The Supreme Court ruling that states may not rely on fixed I.Q. score cutoffs to decide intellectual competency in criminal cases affects about 30 death row inmates, many in Florida and Kentucky, the New York Times reports. It increased the likelihood that convicts like Florida’s Ted Herring will have a chance to avoid execution. Herring has spent 32 years on death row for murdering a store clerk. A judge found him “mentally retarded” and removed him from death row but the Florida Supreme Court returned him there because he had scored 72 and 74 on I.Q. tests, just above the state’s “bright line” cutoff of 70.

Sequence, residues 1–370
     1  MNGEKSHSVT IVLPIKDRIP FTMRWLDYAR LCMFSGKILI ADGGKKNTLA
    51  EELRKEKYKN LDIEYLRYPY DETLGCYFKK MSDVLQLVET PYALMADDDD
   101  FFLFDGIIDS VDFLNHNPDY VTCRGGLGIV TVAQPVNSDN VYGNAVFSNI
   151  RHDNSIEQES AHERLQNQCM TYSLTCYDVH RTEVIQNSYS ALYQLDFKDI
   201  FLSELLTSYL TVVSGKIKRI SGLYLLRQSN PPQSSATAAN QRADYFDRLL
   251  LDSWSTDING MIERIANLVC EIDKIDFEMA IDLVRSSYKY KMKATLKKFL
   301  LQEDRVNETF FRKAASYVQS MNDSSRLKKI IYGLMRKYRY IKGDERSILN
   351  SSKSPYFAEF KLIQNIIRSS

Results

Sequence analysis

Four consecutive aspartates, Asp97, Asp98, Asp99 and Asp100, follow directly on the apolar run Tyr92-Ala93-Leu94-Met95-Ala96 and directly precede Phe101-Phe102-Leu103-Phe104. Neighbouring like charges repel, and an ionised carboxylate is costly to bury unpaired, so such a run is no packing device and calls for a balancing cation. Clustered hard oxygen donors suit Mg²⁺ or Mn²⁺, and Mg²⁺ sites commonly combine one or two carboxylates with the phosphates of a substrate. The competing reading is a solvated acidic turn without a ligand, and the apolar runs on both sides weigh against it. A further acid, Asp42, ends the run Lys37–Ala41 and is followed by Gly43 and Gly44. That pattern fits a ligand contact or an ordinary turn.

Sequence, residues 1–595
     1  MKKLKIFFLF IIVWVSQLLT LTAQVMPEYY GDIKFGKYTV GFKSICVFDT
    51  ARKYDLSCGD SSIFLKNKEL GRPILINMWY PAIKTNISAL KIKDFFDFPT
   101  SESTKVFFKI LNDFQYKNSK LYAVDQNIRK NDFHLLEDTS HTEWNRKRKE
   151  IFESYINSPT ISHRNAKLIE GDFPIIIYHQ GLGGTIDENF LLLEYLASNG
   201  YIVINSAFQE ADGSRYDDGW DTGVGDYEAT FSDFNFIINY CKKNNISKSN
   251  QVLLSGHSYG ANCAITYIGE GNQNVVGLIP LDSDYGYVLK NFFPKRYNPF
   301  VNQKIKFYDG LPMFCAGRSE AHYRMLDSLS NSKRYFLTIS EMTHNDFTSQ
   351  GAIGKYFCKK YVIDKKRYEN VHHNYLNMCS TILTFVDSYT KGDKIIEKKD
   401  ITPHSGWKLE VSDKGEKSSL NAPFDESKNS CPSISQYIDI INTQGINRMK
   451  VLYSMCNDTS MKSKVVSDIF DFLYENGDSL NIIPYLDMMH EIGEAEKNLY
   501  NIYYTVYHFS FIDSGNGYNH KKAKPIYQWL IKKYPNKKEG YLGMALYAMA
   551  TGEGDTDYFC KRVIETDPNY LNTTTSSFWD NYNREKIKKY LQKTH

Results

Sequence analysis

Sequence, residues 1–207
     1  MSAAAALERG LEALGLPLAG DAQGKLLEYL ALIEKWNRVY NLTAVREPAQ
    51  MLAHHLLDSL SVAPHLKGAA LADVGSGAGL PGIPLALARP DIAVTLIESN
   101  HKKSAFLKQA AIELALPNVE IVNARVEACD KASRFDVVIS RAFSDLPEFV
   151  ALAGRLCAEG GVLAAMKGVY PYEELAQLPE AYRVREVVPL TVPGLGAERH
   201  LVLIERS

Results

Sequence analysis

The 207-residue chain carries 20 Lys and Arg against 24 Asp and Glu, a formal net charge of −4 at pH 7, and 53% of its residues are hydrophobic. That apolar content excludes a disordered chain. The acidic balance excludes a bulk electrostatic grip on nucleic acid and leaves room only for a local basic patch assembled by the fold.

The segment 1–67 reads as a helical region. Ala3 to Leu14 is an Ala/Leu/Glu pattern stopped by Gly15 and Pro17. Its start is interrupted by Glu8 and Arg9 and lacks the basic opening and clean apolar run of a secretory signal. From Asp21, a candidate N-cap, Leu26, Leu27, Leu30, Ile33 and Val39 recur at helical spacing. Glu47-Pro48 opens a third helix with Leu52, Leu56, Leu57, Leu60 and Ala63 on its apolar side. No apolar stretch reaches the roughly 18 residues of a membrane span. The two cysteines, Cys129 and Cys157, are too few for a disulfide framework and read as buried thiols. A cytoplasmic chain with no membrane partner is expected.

The case affects so few inmates because most states follow modern standards of determining intellectual disabilities, going beyond using a single number to be considered disabled. In the states that will be affected, death row inmates with low, but not low enough, I.Q. scores can seek to have their sentences reconsidered. Ten states either consistently apply an I.Q. cutoff score — without factoring in a five-point swing for error — in making their determination or are free to do so. Florida, Kentucky, Alabama and Virginia do it most often. In Florida, 15 to 20 inmates — perhaps the largest number in the U.S. — will probably seek to overturn their death sentences because of the decision.